In keeping with our action-oriented theme, we are pleased to announce that Steve Jurvetson, a partner at Draper Fisher Jurvetson will be the WorldFuture 2015 keynote speaker. Known as venture capitalist making the future, Steve was the founding VC investor in Hotmail, Interwoven and Kana, and he serves on the Boards of Tesla and SpaceX. Steve was chosen by the SF Chronicle and SF Examiner as one of “the ten people expected to have the greatest impact on the Bay Area in the early part of the 21st Century.”
In addition to two high energy days of interactive sessions, WorldFuture 2015 will also offer two days of pre-conference master courses, a Millennials’ morning of activities for student futurists, special networking events, and offsite trips to relevant area attractions.
Car culture in North America has led to massive subsidies for car drivers that go pretty much unnoticed. One of these subsidies is in the way of “free parking,” which is anything but free. Cars occupy space during the day that could be used for productive means or green space, instead cars sit unused with nobody inside of them most of the time.
In San Francisco they have changed their municipal parking system to reflect market demands for parking space. The result is a drop in people who “cruise” looking for parking spaces. Therefore, car drivers have become a little less destructive in the city.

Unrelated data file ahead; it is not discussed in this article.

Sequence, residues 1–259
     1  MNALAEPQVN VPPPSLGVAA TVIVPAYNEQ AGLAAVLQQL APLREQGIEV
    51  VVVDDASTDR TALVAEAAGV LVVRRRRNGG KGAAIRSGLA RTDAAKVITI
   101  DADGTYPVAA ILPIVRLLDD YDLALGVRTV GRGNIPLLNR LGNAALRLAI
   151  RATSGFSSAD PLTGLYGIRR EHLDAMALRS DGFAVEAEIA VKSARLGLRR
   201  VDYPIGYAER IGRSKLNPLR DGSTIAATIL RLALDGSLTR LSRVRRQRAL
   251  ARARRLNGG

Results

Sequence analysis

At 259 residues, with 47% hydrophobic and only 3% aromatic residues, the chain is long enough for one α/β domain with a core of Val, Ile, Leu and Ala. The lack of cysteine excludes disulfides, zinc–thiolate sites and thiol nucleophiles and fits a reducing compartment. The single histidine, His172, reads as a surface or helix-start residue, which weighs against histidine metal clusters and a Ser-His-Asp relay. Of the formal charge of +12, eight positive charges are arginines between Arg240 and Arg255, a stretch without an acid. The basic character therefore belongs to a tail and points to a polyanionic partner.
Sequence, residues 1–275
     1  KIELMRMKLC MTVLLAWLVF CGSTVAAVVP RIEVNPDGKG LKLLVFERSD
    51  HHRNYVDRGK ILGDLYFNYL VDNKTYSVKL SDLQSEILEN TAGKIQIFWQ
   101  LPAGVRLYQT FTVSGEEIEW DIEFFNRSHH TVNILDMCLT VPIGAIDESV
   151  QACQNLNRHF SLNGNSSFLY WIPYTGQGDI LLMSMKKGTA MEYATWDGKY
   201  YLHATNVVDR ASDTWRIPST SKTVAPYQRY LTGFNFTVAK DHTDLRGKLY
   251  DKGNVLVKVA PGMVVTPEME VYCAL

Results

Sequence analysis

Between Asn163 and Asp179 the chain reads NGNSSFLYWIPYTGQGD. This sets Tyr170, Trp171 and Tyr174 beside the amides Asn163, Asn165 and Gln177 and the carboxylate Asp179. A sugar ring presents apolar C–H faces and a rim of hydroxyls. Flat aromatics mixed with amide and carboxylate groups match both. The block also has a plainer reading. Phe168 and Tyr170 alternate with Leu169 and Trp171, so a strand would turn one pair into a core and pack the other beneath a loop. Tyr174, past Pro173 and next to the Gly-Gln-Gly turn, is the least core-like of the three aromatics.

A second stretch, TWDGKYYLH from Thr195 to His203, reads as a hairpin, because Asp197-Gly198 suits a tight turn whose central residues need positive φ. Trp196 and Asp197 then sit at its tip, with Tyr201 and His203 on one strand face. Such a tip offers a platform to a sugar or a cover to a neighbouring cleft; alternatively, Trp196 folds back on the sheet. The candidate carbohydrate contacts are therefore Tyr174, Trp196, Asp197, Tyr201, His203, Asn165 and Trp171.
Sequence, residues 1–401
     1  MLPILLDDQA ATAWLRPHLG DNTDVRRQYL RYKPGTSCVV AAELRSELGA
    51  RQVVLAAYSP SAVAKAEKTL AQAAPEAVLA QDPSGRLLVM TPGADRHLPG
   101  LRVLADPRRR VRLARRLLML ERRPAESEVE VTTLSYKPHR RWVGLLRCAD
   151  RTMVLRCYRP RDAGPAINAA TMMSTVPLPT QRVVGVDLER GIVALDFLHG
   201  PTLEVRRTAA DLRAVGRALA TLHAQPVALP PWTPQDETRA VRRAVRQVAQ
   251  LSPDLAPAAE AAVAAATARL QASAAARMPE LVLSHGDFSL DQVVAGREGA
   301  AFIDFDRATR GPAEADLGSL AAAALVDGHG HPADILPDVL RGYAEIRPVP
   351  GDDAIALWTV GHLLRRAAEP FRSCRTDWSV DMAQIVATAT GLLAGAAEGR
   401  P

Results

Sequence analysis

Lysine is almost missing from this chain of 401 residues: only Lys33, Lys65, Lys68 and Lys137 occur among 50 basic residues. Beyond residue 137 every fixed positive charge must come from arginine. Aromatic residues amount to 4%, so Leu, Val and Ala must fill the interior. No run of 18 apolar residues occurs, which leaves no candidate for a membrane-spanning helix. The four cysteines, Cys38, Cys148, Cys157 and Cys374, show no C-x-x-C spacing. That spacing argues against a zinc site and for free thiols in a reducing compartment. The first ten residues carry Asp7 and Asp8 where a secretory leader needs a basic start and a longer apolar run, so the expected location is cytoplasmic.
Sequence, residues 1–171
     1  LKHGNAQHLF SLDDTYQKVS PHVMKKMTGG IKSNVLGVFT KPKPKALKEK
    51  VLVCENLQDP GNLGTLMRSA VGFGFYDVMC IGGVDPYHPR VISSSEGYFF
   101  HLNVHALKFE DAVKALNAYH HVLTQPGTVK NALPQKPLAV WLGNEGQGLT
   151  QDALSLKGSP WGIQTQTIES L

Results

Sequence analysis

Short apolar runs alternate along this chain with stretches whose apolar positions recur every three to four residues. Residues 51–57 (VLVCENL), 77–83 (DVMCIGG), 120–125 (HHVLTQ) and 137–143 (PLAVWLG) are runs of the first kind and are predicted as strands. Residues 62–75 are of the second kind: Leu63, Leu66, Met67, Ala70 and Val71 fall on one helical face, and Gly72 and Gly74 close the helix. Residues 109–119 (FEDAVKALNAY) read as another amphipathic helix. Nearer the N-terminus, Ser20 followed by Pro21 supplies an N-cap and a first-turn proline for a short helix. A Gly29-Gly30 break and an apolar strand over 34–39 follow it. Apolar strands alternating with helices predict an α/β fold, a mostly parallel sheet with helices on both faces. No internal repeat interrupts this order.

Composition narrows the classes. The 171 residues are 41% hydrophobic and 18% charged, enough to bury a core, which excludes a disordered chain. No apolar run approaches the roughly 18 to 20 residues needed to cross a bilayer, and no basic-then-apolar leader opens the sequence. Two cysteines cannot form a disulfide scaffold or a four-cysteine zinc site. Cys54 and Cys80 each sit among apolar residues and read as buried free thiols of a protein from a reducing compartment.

According to aÂ study published last monthÂ inÂ Transportation Research Part A: Policy and Practice, the program has worked. San Franciscoâ€™s occupancy goals have been met, and â€œcruisingâ€ for parking â€” driving around and clogging up streets after youâ€™ve already reached your destination â€” is down by 50 percent.
The group of researchers â€” who represent the University of California, Santa Cruz, Carnegie Mellon and transit consultancy Nelson\Nygaard â€” analyzed the 256 blocks subject to SFpark and compared them to a 55-block control group. With access to the San Francisco Municipal Transportation Agencyâ€™s data, the team had a total of more than 2.4 million data points during metered hours to analyze.
Using a model to simulate a driver looking for parking (the model â€œcruisesâ€ down a street and, if it doesnâ€™t find any open spaces, takes a series of random turns until it does), the researchers estimated that the blocks under SFpark saw a 50 percent reduction in cruising. They also found that the program met its goal of a 60-80 percent occupancy rate for spots. Under the program, if occupancy was below 60 percent, parking rates were cut by 25 cents. If more than 80 percent of spots on a block were occupied during metered hours, rates were hiked by the same amount.
â€œThese bags are junk, whether you want to call them biodegradable or not. They end up in the same place: blowing around the streets or in landfill,â€ said Councillor David Shiner, a member of Mr. Fordâ€™s executive who surprised many by introducing the ban.
â€œLetâ€™s get rid of the plastic bags. Letâ€™s make today a real statement. Letâ€™s tell the industry that weâ€™re not accepting your baloney any more,â€ he said.
Mr. Shiner said he didnâ€™t know he was going to move the motion until partway through the debate. He based the language largely on Seattleâ€™s recently passed ban on bags. Retailers will still be allowed to sell or give away single-use paper bags, he said, using the example of retailers such as provincial liquor stores and some department stores who already offer free paper bags to customers.